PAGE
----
A Review of the Nigerian Energy Industry

Ogonis explain resistance to Nigeria oil trade resumption

Movement for the Survival of Ogoni People
Movement for the Survival of Ogoni People

14 February 2015, Lagos — NIGERIAN mass‐based social movement organization of the indigenous Ogoni people argued the government had to consider the autonomy of their region before resuming oil business in the region.

Movement for the Survival of the Ogoni People, MOSOP, is opposing the resumption of oil sales.

“The MOSOP Coordinators chairman (Frank Jonah) urged the government to show some sense of humanity by addressing the issues of self determination for the Ogoni people before contemplating any form of negotiations regarding the Ogoni oil,” Jonah’s spokesperson, Letom Sinen, said.

“He (Jonah) noted that failing to address these issues will mean the government has chosen to kill and repress the people to forcefully exploit their oil resources as there must be very strong resistance against such moves.”

Earlier this week, the MOSOP Kingdom Coordinators urged the government to first address the fundamental demands of the Ogoni people including the right to recognition and self determination through the creation of a Bori state, the clean-up of Ogoniland and the payment of compensation to Ogoni people whose means of livelihood had been allegedly damaged by years of environmental degradation by Shell’s presence in the area.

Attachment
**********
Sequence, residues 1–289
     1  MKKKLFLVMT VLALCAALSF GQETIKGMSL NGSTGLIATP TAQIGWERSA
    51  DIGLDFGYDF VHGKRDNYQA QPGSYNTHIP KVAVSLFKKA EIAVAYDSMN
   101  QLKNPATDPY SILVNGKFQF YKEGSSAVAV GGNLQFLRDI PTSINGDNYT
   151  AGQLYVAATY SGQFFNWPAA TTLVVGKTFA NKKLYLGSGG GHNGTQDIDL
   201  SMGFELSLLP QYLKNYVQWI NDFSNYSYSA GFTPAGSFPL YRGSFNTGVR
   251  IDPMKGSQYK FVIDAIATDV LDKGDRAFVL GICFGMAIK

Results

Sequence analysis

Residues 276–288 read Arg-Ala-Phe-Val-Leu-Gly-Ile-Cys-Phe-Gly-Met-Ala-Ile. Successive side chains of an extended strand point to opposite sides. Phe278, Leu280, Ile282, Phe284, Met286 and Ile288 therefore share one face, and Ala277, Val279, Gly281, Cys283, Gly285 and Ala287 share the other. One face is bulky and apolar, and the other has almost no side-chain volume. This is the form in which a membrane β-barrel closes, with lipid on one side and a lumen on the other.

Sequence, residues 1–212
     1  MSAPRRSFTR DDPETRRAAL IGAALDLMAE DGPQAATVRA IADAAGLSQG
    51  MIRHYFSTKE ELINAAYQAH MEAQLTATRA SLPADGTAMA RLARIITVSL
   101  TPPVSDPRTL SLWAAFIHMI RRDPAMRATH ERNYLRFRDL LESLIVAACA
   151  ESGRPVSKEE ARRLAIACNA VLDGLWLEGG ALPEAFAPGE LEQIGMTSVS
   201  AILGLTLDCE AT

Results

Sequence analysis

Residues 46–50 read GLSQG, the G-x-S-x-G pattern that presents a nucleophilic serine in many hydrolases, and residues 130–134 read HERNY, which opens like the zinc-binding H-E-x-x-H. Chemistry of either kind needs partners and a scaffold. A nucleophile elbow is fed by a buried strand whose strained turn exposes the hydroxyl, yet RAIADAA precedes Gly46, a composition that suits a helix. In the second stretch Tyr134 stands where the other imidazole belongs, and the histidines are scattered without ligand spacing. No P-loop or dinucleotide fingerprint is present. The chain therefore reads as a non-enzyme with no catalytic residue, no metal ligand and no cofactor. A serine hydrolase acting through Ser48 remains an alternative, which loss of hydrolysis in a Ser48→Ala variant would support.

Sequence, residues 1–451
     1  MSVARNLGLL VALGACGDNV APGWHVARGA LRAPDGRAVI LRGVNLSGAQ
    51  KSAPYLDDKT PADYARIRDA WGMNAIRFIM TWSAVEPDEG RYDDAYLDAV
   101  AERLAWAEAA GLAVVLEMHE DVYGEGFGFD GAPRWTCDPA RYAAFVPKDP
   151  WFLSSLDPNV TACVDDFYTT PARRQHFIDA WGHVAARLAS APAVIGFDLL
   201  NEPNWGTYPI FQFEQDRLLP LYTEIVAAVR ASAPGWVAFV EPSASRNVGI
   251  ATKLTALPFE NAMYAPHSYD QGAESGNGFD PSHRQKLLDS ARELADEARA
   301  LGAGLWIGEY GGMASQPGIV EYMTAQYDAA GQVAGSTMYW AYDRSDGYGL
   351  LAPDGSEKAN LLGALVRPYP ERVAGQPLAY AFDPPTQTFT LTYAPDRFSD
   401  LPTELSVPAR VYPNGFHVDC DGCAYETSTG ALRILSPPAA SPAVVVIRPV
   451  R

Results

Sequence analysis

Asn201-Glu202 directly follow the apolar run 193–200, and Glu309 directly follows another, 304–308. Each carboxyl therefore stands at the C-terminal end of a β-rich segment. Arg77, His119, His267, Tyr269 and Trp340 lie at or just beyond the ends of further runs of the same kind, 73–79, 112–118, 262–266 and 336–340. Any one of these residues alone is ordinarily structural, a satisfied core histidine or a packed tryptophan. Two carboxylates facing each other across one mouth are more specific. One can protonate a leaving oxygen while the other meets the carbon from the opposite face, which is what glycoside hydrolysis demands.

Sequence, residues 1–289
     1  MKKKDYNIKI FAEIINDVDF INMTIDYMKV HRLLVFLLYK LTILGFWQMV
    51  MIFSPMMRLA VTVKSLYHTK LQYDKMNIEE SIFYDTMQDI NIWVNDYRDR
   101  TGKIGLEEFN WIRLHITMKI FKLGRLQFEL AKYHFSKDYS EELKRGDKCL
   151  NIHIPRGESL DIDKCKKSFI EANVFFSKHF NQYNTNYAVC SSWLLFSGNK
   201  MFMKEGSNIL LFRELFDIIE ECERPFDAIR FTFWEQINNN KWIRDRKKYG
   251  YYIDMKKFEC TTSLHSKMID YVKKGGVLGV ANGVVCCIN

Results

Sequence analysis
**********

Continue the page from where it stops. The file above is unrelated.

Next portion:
Johan said Nigeria must show its commitment to justice and fairness especially in the Ogoni issue.

“We have lost some of our best men in the November 10, 1995 hangings, we have been extensively abused under the various Nigerian military regimes, our environment has been completely destroyed.

“We have no electricity, water and many more basic amenities despite being a major contributor to the Nigerian economy and so the government will be most insensitive to ignore all these issues and to be talking about any form of resuming oil activities in Ogoni.”

MOSOP is the umbrella organization of currently 11 member groups representing more than 700 000 indigenous Ogoni in campaigning for social, economic and environmental justice in the Niger Delta of Nigeria.
*Okoro Chinedu – Caj News

In this article

Join the Conversation